In my lifetime, I've seen blue laws repealed such that Sunday has become virtually indistinguishable from any other day for many service workers. But in 2012, we hit a new low: for the first time major retailers opened their doors for shopping on Thanksgiving evening. Several employees mounted petition campaigns — one garnered more than 30,000 signatures — pleading for the full day off to be with their families, but to no avail. Official corporate announcements stated, "The super majority of our 1.3 million associates are excited about Black Friday and are ready to serve our customers."
Really, they needn't have bothered. The Internet has already granted consumers the ability to shop constantly. Every time I log onto my computer and open the browser, items I've searched for once on Overstock.com now rotate across my screen, beckoning me like tantalizing dishes circulating on a sushi bar. The technology meant to make life easier now risks turning us into shopaholics and workaholics, while exposing our kids to cyber-bulling and cyber-sex. Is there no escape from this unrelenting, 24/7 lifestyle? Maybe there should be laws.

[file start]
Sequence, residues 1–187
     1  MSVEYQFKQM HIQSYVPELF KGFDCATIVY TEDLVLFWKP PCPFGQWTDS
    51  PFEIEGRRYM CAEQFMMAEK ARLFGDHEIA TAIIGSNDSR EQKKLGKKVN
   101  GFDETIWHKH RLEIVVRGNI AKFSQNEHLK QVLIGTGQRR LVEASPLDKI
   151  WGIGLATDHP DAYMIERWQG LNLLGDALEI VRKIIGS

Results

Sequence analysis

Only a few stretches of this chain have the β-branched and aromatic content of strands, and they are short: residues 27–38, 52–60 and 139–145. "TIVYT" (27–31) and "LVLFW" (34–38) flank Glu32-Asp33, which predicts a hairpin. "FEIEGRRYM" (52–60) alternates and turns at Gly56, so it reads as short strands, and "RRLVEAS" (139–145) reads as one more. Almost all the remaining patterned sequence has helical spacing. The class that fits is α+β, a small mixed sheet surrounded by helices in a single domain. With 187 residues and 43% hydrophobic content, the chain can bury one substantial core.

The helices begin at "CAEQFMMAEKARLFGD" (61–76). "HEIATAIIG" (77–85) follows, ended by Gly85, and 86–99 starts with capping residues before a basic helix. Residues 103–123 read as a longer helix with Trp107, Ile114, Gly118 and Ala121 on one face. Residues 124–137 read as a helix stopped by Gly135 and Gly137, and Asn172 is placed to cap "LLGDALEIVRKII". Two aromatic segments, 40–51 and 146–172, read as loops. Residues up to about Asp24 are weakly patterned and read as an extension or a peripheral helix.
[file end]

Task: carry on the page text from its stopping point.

Wait, there already are.
“After the first exile, there is no other.”
—Rosellen Brown, The Autobiography of My Mother, 1976
The great wheel of the year has turned once more, and I find myself back at the beginning again. Not at the start of a brand new year, but rather, at the anniversary of my father’s death.
I was eight years old when he died, on January 8, 1977, after six long months of decline from lung cancer. In the family’s last-minute midnight scramble to the King’s Daughters Hospital to offer a final farewell, I was adjudged too young and too asleep to wake up for the ride.
I found out that he had died when I crawled from bed at dawn the next morning, yawning and jonesing for cartoons, only to find a bath robed neighbor stoking the fireplace, and my father disappeared into ether.
That singular fact has been the still point of my turning world in the decades since.